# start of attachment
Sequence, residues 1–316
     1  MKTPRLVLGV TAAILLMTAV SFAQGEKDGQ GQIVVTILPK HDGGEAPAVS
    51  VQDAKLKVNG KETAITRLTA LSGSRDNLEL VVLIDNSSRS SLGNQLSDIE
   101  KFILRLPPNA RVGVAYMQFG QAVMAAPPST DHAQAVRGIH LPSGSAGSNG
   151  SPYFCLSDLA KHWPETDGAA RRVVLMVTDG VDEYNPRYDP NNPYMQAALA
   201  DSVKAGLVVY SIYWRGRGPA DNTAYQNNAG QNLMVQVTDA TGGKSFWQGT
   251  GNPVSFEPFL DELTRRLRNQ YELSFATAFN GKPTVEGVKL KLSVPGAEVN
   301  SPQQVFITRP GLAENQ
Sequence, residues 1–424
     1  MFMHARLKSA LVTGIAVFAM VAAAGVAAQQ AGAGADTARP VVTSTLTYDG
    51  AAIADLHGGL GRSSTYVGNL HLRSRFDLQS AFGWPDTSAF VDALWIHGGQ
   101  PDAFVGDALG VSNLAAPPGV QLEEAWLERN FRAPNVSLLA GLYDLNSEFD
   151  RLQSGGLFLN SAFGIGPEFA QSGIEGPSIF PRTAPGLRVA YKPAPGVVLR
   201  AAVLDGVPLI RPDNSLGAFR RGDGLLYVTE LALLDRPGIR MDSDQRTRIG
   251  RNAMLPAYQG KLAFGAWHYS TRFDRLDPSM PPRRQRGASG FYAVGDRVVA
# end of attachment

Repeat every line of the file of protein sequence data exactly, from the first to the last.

Sequence, residues 1–316
     1  MKTPRLVLGV TAAILLMTAV SFAQGEKDGQ GQIVVTILPK HDGGEAPAVS
    51  VQDAKLKVNG KETAITRLTA LSGSRDNLEL VVLIDNSSRS SLGNQLSDIE
   101  KFILRLPPNA RVGVAYMQFG QAVMAAPPST DHAQAVRGIH LPSGSAGSNG
   151  SPYFCLSDLA KHWPETDGAA RRVVLMVTDG VDEYNPRYDP NNPYMQAALA
   201  DSVKAGLVVY SIYWRGRGPA DNTAYQNNAG QNLMVQVTDA TGGKSFWQGT
   251  GNPVSFEPFL DELTRRLRNQ YELSFATAFN GKPTVEGVKL KLSVPGAEVN
   301  SPQQVFITRP GLAENQ
Sequence, residues 1–424
     1  MFMHARLKSA LVTGIAVFAM VAAAGVAAQQ AGAGADTARP VVTSTLTYDG
    51  AAIADLHGGL GRSSTYVGNL HLRSRFDLQS AFGWPDTSAF VDALWIHGGQ
   101  PDAFVGDALG VSNLAAPPGV QLEEAWLERN FRAPNVSLLA GLYDLNSEFD
   151  RLQSGGLFLN SAFGIGPEFA QSGIEGPSIF PRTAPGLRVA YKPAPGVVLR
   201  AAVLDGVPLI RPDNSLGAFR RGDGLLYVTE LALLDRPGIR MDSDQRTRIG
   251  RNAMLPAYQG KLAFGAWHYS TRFDRLDPSM PPRRQRGASG FYAVGDRVVA